British Journal of Medicine and Medical Research, ISSN: 2231-0614,Vol.: 10, Issue.: 1
Assessing the Influence of Clinic-based Health Education on Pregnant Women's Utilization of Primary Health Care Services in Ogun State
C. O. Agbede1* 1Department of Public Health, Babcock University, Ilishan-Remo, Ogun State, Nigeria.
C. O. Agbede1*
1Department of Public Health, Babcock University, Ilishan-Remo, Ogun State, Nigeria.
(1) Chan Shen, Department of Biostatistics, MD Anderson Cancer Center, University of Texas, USA.
(1) Jalal-Eddeen Saleh, World Health Organization, Bauchi Zonal Office, Bauchi State, Nigeria.
(2) Anonymous, Ebonyi State University, Abakaliki, Nigeria.
Complete Peer review History: http://sciencedomain.org/review-history/10347
Aims: The paper assessed the influence of clinic-based health education (C-BHE) on pregnant women’s attitude in relation to birth preparedness, complication and readiness (BP/CR) and utilization of Primary Health Care (PHC) services in Ogun State.
Study Design: Quasi-experimental design was used. Primary data was collected from surveyed participants.
Place and Duration of Study: Study was conducted between February and May 2013 in Ikenne, Ogun state, Nigeria.
Methodology: Stratified sampling method was used to allocate 48 pregnant women, attending ante-natal care, each to experimental and control groups, making a total of 96 respondents. Structured questionnaire was used to collect data from the respondents. The women in the experimental group were exposed to two hours of health education discussion addressing pertinent maternal health issues weekly for five weeks. Data were analyzed using descriptive statistics and independent t-test. All tests were measured at p≤0.05 level of significance.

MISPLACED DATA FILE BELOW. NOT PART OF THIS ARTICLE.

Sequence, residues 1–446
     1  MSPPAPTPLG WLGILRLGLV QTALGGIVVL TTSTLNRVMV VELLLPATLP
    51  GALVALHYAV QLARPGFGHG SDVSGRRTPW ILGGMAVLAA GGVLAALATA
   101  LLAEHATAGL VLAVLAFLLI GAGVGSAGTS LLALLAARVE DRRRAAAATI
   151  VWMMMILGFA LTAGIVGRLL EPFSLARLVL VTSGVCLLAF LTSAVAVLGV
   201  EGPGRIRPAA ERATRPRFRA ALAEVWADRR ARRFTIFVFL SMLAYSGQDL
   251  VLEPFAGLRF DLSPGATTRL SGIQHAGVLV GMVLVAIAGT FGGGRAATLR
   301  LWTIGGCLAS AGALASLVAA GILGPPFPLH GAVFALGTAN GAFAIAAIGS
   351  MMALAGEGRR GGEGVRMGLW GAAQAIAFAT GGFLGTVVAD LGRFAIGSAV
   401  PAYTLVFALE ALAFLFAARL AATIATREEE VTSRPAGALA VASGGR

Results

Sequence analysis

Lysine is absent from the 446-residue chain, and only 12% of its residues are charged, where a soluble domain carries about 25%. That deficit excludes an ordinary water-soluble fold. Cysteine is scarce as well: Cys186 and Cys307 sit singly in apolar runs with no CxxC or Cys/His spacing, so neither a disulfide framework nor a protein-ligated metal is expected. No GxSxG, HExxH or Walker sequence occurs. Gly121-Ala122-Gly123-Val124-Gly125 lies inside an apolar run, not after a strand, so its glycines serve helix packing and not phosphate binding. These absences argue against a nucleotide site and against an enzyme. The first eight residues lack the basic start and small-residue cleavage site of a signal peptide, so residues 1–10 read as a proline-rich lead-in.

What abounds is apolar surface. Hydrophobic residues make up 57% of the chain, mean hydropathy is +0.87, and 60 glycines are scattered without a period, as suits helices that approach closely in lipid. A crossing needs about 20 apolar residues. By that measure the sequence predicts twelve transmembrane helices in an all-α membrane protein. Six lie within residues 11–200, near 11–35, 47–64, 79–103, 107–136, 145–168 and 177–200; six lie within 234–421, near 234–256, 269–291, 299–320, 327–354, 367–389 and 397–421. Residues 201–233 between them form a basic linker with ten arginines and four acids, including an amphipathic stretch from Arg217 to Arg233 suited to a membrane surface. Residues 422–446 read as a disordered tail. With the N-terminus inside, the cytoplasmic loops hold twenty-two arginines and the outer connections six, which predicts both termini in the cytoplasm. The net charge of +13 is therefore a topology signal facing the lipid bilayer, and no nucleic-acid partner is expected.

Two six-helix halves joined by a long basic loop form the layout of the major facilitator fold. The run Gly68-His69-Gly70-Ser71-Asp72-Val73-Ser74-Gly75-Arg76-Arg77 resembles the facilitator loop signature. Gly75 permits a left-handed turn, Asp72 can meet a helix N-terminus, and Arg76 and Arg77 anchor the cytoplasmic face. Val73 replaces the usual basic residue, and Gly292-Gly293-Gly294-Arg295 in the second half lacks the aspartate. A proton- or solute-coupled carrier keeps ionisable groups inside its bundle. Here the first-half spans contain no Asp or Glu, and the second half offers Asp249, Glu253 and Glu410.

Results: Results showed that the women were between 19 and 24 years, had up to secondary education, recorded parity of 1-2 while timing of first visit was between 20 and 24 weeks of gestation and number of Ante-natal visits were ≥ 4. At baseline, there were no significant difference in the attitudes and desires for utilization of PHC facility for delivery for the experimental and control groups. However, after intervention, the mean scores for variables measuring attitudes to BP/CR and desire to utilize PHC facility for the experimental group increased and were significantly higher than the control group. Follow-up evaluation confirmed that the C-BHE increased actual utilization of PHC centre for delivery among the respondents in the experimental group (75%) as compared to the control group (42%).
Conclusion: Corroborative intervention programme initiatives, directed at creating more awareness about benefits of professional attendants during delivery, stimulating attitudinal change towards BP/CR and fostering necessary confidence in the PHC services for pregnant women should be encouraged.
Clinic-based; health education; pregnant women; attitudes; utilization; primary health care.
Full Article - PDF Page 1-9
DOI : 10.9734/BJMMR/2015/19475Review History Comments